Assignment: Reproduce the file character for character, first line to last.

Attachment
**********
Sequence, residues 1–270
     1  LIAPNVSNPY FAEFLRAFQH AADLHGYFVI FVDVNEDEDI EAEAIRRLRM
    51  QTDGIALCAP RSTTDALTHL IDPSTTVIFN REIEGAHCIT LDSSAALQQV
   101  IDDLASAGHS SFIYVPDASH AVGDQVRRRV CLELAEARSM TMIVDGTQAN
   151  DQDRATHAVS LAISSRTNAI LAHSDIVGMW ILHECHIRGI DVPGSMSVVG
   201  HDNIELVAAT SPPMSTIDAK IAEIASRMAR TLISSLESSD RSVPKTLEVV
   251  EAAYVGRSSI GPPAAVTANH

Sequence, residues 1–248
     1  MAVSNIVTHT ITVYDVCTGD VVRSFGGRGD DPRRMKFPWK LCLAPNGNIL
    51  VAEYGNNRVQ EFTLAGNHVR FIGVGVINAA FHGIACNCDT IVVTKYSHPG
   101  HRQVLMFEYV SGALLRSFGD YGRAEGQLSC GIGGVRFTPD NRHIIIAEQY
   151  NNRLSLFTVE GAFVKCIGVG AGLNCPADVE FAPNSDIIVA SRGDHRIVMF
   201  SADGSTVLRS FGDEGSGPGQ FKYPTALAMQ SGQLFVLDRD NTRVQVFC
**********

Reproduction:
Sequence, residues 1–270
     1  LIAPNVSNPY FAEFLRAFQH AADLHGYFVI FVDVNEDEDI EAEAIRRLRM
    51  QTDGIALCAP RSTTDALTHL IDPSTTVIFN REIEGAHCIT LDSSAALQQV
   101  IDDLASAGHS SFIYVPDASH AVGDQVRRRV CLELAEARSM TMIVDGTQAN
   151  DQDRATHAVS LAISSRTNAI LAHSDIVGMW ILHECHIRGI DVPGSMSVVG
   201  HDNIELVAAT SPPMSTIDAK IAEIASRMAR TLISSLESSD RSVPKTLEVV
   251  EAAYVGRSSI GPPAAVTANH

Sequence, residues 1–248
     1  MAVSNIVTHT ITVYDVCTGD VVRSFGGRGD DPRRMKFPWK LCLAPNGNIL
    51  VAEYGNNRVQ EFTLAGNHVR FIGVGVINAA FHGIACNCDT IVVTKYSHPG
   101  HRQVLMFEYV SGALLRSFGD YGRAEGQLSC GIGGVRFTPD NRHIIIAEQY
   151  NNRLSLFTVE GAFVKCIGVG AGLNCPADVE FAPNSDIIVA SRGDHRIVMF
   201  SADGSTVLRS FGDEGSGPGQ FKYPTALAMQ SGQLFVLDRD NTRVQVFC